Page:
There are so many words we can use to describe a person’s mind. We can say he is clever, smart, intelligent, wise, educated, and well-read. But each of these characteristics refers to specific traits and they cannot be used interchangeably. Let’s start with the difference between intelligence and wisdom as an example.
|The ability to acquire and apply information||The ability to think and act in accordance with vast knowledge, experience, common sense and great insight|
|Associated with learning||Associated with experience|
|An attribute of a curious nature||An attribute of a just nature|
|Used to solve situations||Used to judge complicated issues|
|Could be limited to the ability to acquire and apply a specific type of information (factual or emotional information for example)||Is supposed to help a person look beyond appearances and the best solution while taking into account all facets of an issue|
|Implies the application of knowledge acquired||Implies an understanding of right and wrong|
|Associated with animals that are easily trained and that assimilate information such as dogs and dolphins||Associated with animals said to be long lived and therefore capable of acquiring experience: owl, tortoise, elephants|
Intelligence is defined as the ability to acquire new information, to turn it into personal knowledge and to use the information when needed. Although it is a human characteristic, we can also observe it in animals that are capable of learning, such as dogs, dolphins, elephants, horses and others that are easily trained. Artificial intelligence is the intelligence of machines and their ability to assess and apply information.
Intelligence is strongly connected to learning and the acquisition of information. However, it does not apply to all types of information the same way. Some people are more prone to acquire information of a certain nature than others. For example, some people can understand facts and figures, but cannot assess emotional information of any kind. And vice-versa.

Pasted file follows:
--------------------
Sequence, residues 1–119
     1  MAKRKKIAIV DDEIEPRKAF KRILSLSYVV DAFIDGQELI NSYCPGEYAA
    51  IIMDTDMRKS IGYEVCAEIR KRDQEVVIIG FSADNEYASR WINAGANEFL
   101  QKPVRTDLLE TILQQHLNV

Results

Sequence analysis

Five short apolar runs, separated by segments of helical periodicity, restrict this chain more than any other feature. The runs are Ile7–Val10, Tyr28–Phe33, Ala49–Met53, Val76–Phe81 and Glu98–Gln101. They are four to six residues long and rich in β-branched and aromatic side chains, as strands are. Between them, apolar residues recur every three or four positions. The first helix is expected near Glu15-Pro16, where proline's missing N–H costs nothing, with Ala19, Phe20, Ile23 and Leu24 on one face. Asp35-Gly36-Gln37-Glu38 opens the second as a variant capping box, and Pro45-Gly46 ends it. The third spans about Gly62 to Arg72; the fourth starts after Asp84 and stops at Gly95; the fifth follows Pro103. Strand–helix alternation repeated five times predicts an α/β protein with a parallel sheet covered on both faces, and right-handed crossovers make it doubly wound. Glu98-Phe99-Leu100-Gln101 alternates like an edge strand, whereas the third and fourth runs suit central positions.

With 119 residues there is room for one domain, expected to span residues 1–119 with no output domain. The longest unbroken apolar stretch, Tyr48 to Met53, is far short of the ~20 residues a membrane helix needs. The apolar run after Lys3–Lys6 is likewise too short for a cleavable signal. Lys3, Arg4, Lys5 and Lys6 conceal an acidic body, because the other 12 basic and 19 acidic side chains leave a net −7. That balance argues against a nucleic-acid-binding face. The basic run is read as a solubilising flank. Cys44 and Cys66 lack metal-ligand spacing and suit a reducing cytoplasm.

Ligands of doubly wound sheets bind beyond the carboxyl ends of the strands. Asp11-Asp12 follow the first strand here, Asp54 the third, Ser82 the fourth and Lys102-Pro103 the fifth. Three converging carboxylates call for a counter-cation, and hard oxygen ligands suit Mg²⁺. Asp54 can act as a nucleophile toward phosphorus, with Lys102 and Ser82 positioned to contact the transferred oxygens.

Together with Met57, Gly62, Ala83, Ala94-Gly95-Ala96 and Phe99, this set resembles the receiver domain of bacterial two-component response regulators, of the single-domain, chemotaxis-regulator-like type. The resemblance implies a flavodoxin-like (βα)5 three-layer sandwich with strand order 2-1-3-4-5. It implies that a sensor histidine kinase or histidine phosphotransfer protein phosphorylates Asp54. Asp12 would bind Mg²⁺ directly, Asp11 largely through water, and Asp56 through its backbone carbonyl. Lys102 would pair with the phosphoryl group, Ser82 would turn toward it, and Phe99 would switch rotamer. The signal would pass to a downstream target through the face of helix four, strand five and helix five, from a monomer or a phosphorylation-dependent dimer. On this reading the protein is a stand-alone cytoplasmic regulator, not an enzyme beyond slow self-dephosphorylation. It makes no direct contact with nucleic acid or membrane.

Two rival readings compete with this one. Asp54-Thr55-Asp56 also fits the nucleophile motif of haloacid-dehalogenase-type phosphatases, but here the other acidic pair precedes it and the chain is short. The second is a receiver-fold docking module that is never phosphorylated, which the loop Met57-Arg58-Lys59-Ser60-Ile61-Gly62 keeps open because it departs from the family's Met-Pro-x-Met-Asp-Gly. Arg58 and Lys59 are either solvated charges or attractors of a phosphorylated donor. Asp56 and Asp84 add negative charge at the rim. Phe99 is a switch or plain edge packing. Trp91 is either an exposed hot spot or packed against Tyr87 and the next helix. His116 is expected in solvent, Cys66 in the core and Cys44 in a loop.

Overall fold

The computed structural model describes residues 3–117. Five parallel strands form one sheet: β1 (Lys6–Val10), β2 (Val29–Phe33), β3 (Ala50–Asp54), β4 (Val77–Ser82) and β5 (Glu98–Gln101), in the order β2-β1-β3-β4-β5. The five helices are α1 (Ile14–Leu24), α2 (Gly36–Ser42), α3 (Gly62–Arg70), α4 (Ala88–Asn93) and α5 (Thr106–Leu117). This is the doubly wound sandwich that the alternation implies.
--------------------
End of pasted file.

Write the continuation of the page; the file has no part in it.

We also use the term “intelligence” for information regarding national security, acquired through espionage. This information has a very high value and it is usually very difficult to obtain.
Wisdom is a virtue and it refers to the ability to think and act in accordance with a high level of knowledge, common sense, great experience and an understanding of the situation. It is something we generally associate with old age, on account of the vast experience required for a person to be perceived as wise. It also involves having a lot of insight and a capacity to see beyond appearances and into the situation, to assess consequences of various courses of action and to choose the best one. Knowing the difference between right and wrong is essential in this case.
We associate the idea of wisdom to animals like owls and tortoises since they are thought to live long lives and thus gather experience.
Intelligence vs Wisdom
So what is the difference between intelligence and wisdom?
There is a reason why in stories, the characters most fit to pass judgment and help the hero in his quest are “wise” and not “intelligent.” Wisdom is supposed to come with age and experience, but it also depends on an individual’s ability to apply knowledge at a deeper level than the analysis and application of facts. It requires insight, common sense and a very clear distinction between right and wrong.
Intelligence, on the other hand, means the ability to acquire and apply information. It is something similar to what a computer could do. An intelligent person can sometimes be limited by the type of intelligence he has. A wise person, on the other hand, is capable of seeing beyond the facts and getting a full picture of the situation.